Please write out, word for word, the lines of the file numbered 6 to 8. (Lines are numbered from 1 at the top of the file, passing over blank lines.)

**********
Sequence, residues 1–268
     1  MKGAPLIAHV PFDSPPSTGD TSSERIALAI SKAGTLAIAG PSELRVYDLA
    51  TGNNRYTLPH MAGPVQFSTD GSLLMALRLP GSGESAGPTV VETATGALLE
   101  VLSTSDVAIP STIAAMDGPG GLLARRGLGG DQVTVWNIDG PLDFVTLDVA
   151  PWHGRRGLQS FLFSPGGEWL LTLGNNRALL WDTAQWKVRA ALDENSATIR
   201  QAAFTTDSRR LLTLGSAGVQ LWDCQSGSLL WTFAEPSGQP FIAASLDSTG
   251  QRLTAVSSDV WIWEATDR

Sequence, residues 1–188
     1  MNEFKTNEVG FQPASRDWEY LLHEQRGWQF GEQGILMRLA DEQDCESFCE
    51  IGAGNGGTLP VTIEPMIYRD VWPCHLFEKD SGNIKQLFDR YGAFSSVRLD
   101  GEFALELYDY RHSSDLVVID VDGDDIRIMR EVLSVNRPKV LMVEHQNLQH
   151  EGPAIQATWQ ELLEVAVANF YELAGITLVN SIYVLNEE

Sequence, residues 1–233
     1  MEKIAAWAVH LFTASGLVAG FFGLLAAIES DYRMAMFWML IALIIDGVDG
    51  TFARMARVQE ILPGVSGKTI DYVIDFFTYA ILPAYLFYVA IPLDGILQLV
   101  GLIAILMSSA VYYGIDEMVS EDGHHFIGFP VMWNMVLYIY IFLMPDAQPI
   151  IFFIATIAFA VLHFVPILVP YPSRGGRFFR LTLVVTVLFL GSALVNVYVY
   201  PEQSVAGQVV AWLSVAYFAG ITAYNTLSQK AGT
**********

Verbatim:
   201  QAAFTTDSRR LLTLGSAGVQ LWDCQSGSLL WTFAEPSGQP FIAASLDSTG
   251  QRLTAVSSDV WIWEATDR

Sequence, residues 1–188